Port Stephens crawling with local school students
18 November 2014
Fifty local school students, teachers and parents will 'crawl' their way around Port Stephens this Thursday, 20 November, to learn how to improve our waterways.
The group will join local experts on an extensive 'catchment crawl' tour - incorporating Grahamstown Dam, Anna Bay and Boat Harbour - which will focus on the importance of protecting the Tomaree and Tomago Sandbeds as an important source of drinking water.
The annual Catchment Crawl is part of a range of projects being undertaken as part of a school engagement program funded by Hunter Water and delivered to schools through Hunter Local Land Services (LLS).
At Grahamstown Dam, the group will learn about the Port Stephens drinking water catchments, including the habitat they provide for plants and animals, and the impacts of human activities on these waterways.
At Anna Bay, they will test water for turbidity, salinity, pH and temperature and dip net for water bugs to learn about the importance of waterway health.
At Boat Harbour, students will learn about Aboriginal culture and heritage values of the Port Stephens Sandbed catchments and participate in an Aboriginal dancing activity led by NSW National Parks and Wildlife Service (NPWS) discovery rangers.
Students will also undertake a litter survey along the beach and learn about the issue of marine debris. The activity is designed to teach students about the need to be responsible for the thoughtful disposal of their own rubbish, from the top to the bottom of their catchment.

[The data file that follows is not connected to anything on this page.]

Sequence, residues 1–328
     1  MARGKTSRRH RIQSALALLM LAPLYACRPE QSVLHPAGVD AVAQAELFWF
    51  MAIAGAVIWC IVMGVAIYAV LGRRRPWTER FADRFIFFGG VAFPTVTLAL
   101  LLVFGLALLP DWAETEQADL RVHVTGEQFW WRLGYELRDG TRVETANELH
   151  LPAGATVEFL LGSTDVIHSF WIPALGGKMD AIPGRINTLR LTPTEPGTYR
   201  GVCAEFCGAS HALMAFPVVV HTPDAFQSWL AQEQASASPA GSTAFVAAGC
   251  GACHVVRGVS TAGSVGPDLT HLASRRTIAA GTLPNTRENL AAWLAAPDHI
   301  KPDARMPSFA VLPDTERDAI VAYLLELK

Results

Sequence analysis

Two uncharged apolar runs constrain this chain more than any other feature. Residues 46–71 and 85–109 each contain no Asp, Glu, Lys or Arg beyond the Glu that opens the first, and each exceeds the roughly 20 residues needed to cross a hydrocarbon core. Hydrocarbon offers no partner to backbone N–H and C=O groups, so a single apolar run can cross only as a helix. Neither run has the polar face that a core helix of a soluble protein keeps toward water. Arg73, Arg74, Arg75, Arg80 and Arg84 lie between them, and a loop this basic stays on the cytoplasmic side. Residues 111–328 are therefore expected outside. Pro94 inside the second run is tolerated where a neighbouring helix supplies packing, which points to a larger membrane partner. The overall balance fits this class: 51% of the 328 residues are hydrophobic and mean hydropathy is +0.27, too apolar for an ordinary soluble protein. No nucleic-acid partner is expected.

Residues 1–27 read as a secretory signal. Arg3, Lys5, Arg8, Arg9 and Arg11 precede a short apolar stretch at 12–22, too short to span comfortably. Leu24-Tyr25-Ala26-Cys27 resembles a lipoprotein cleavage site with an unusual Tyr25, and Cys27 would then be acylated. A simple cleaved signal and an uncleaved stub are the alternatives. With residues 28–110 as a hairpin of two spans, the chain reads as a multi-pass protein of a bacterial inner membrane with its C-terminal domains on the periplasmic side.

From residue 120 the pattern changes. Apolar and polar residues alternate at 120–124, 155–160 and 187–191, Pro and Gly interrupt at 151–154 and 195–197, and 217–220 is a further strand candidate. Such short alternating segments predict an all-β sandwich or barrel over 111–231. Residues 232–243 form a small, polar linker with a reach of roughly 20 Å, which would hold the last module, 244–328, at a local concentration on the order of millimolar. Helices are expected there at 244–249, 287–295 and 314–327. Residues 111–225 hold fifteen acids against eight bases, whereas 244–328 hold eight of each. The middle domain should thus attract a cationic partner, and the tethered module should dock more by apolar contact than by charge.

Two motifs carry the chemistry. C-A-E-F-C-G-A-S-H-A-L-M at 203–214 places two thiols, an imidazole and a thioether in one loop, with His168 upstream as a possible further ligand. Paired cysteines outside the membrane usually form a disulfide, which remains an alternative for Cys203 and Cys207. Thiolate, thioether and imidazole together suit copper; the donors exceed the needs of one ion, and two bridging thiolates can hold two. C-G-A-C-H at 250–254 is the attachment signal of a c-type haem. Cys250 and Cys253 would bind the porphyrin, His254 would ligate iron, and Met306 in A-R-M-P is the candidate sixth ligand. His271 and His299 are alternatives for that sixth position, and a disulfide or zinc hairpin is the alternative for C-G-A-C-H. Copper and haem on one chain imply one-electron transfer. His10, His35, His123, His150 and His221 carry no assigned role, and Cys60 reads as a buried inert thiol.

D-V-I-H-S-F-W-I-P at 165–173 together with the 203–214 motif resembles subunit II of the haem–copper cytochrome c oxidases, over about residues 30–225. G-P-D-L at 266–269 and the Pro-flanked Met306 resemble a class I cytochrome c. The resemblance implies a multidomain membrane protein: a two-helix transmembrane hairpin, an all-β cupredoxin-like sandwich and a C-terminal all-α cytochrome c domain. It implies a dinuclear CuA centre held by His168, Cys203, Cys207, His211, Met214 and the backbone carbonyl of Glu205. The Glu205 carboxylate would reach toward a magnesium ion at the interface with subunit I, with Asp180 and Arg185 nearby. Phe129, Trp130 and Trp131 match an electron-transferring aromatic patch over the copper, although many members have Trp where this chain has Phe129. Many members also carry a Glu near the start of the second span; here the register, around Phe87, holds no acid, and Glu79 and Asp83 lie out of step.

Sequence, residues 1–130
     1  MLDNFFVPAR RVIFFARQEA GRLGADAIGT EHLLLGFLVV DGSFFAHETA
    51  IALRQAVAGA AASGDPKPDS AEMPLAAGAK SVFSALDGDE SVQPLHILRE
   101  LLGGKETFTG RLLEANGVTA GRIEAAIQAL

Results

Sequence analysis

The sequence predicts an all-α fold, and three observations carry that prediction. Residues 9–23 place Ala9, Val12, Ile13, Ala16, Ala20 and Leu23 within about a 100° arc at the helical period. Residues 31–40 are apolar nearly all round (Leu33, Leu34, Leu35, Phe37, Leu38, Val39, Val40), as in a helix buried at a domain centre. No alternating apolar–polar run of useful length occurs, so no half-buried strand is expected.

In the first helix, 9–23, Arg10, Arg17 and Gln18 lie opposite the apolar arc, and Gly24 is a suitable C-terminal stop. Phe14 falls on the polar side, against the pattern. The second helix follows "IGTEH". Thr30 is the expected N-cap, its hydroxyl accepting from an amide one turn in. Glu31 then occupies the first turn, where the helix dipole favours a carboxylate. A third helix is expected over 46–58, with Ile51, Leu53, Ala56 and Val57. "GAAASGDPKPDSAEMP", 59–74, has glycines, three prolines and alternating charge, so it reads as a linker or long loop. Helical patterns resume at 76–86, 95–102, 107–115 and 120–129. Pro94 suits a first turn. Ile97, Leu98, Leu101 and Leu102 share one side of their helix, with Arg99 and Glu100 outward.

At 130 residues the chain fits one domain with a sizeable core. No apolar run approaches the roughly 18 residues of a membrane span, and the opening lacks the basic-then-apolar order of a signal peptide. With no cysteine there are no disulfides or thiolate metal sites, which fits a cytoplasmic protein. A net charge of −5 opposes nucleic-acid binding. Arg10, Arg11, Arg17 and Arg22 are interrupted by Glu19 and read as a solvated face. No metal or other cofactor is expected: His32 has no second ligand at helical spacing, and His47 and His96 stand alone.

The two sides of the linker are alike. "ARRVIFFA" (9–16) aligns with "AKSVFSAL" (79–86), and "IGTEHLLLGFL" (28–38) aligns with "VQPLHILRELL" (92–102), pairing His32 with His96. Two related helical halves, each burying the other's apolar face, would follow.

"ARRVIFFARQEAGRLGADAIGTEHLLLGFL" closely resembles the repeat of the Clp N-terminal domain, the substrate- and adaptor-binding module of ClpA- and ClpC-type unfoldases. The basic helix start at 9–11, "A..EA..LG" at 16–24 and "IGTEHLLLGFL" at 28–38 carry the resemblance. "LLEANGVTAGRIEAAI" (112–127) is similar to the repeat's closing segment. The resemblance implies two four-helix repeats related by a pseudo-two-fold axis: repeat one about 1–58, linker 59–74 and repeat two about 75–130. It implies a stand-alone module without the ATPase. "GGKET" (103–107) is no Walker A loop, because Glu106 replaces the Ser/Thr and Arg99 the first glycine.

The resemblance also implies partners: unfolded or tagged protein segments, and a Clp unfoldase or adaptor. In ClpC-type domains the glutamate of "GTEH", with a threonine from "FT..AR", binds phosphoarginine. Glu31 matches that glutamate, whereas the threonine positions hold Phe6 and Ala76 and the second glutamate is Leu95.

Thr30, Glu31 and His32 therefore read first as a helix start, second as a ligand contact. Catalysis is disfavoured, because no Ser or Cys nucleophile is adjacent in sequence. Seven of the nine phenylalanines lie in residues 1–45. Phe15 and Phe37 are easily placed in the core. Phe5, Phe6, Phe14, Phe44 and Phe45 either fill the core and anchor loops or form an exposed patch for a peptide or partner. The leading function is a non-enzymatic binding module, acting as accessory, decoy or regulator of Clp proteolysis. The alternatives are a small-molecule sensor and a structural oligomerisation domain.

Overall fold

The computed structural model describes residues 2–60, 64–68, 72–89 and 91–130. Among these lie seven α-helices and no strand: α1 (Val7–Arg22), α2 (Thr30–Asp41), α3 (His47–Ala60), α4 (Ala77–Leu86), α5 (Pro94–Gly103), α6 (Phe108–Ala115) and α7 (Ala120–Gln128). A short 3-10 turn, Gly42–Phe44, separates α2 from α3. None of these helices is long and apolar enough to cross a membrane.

Rhys Blackmore, Water Quality Scientist from Hunter Water said the main aim of the program was to educate school students living in the Lower Hunter's drinking water catchments about ways they can help improve catchment health.
'The Catchment Crawl gives local students a great hands-on learning opportunity that provides an insight into what land managers are doing to limit their impact on the local environment, our rivers and our drinking water source,' Mr Blackmore said.
LLS School Engagement Officer, Jane Lloyd-Jones said many students participating in the Catchment Crawl were recently involved in a school brochure competition and a 'Caring for our Catchments' poster competition. These competitions saw students design informative brochures and posters to help reinforce the importance of water quality and caring for the catchment.
'Catchment Crawls provide a fun and educational way of highlighting the importance of caring for and protecting our drinking water catchments to local students and the broader community,'said Ms Lloyd-Jones.
Schools taking part in the crawl include Bobs Farm Public School, Anna Bay Public School, Medowie Public School, St Michael's Primary School Nelson Bay, and St Philips Christian College Salamander.
The Catchment Crawls are funded by Hunter Water Corporation with support from Hunter Local Land Services through its Hunter Catchment Contributions program.
Contact Jillian Ayre (Mon, Tues, Wed) 02 4938 4932 or Maree Whelan (Thurs, Fri) 02 4938 4932 or Mobile: 0418 960 817.